Dry Mouth

It is not common knowledge that dryness of the mouth can cause cavities. Saliva does several things in the mouth. It helps to bathe the teeth so that the plaque cannot stick as easily and it also assists in keeping the ph at a more basic level. It also helps the teeth absorb fluoride. When we eat sugars it lowers the ph in the mouth to an acidic level almost as strong as stomach acid. It takes the saliva at least 20 minutes to bring the ph back up to a more basic level. If you don't produce adequate amounts of saliva, it makes it easier for the plaque to eat away at the enamel and exposed root surfaces.

Dentin is the substance that makes up the roots of the teeth and it is softer than enamel. There are many reasons for gum recession (the gum moving down and exposing the dentin) and that leaves the roots vulnerable to cavities known as root decay.

There are lots of reasons for dry mouth. Some people just don't produce a lot of saliva, in rare cases, none. Other people take medications for depression, high blood pressure, allergies, pain, and more. These medications can cause dry mouth and we are seeing more and more decay related to medication use.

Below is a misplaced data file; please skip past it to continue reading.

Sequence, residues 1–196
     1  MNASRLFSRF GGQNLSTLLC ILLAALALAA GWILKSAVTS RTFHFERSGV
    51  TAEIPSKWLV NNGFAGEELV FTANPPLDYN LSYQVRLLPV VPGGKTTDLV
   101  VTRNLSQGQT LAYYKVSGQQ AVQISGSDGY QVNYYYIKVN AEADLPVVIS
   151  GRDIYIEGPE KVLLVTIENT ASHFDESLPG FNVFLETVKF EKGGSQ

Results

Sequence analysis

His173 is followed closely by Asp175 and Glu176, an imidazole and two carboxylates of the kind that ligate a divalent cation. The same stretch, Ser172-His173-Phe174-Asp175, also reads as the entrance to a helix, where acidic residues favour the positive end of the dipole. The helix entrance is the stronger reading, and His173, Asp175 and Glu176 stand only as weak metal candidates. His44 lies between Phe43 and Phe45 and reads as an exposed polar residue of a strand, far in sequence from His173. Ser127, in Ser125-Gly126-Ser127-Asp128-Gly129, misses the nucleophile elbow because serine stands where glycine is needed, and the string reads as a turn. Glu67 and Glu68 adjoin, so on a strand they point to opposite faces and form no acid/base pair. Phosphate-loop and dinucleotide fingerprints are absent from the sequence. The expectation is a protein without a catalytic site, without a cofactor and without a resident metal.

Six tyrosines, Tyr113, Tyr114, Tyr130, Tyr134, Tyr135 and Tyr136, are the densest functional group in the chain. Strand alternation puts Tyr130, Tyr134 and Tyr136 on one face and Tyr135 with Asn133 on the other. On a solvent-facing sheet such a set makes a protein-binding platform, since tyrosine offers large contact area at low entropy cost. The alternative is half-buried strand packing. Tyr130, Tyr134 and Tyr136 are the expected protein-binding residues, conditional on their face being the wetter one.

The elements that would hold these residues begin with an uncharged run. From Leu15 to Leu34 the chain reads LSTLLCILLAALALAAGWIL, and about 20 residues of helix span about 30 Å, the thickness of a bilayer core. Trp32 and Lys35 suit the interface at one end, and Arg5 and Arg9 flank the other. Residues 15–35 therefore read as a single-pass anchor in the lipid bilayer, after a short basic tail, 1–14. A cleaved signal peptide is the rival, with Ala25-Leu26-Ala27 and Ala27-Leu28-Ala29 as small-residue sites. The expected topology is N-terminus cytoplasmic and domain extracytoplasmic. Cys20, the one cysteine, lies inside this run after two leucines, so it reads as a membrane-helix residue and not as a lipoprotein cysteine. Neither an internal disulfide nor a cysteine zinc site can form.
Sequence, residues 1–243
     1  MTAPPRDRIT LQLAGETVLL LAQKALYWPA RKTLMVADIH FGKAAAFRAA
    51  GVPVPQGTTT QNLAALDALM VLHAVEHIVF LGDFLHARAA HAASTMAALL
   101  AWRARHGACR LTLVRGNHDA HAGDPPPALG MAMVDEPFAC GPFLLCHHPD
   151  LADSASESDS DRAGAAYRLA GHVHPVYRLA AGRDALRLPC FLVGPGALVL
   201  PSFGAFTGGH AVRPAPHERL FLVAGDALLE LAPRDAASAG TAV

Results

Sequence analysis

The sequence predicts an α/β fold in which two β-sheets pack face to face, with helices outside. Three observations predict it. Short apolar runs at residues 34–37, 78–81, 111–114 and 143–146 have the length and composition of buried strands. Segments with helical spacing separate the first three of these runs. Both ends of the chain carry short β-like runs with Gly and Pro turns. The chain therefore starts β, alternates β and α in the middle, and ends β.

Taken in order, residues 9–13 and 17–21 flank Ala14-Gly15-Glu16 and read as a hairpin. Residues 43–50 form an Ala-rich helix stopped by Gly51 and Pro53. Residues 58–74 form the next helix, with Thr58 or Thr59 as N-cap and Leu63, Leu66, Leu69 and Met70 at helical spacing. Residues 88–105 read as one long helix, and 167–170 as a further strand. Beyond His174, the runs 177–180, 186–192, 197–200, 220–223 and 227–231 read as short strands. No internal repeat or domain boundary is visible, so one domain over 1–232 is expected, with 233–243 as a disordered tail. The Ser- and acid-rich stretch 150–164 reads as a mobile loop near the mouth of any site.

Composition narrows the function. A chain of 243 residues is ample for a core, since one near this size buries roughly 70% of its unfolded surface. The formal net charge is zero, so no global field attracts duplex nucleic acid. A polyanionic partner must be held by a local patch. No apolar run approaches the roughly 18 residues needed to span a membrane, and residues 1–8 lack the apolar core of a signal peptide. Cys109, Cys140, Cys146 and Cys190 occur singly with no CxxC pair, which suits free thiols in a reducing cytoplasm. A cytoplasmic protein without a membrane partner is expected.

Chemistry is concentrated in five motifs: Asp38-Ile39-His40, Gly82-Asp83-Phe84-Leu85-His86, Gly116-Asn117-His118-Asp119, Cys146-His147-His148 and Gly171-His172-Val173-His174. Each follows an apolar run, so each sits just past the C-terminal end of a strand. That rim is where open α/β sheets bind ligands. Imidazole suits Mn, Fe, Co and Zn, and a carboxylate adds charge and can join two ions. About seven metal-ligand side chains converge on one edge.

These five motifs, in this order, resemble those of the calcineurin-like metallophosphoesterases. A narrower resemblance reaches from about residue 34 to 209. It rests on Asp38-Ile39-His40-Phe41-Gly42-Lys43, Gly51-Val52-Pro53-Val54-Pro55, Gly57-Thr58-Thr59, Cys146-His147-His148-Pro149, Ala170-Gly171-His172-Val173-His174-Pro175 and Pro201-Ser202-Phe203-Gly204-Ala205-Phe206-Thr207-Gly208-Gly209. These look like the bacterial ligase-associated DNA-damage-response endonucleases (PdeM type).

With the upswing of drug and prescription medication abuse, root decay is being seen more often in younger people.

Sounds hopeless, right? It's not. There are products on the market that help to relieve the discomfort of dry mouth. Mouth rinses, sprays, gels, toothpaste, and gums. Most of these can be purchased at the local drug store and many can be bought on line. In extreme cases your MD can prescribe medication.

It's not just uncomfortable, dry mouth can destroy the hard structures of the teeth. Good home care and dry mouth products can literally save your teeth.

For more in depth information, check out the Mayo Clinic's website. http://www.mayoclinic.com/health/dry-mouth/ha00034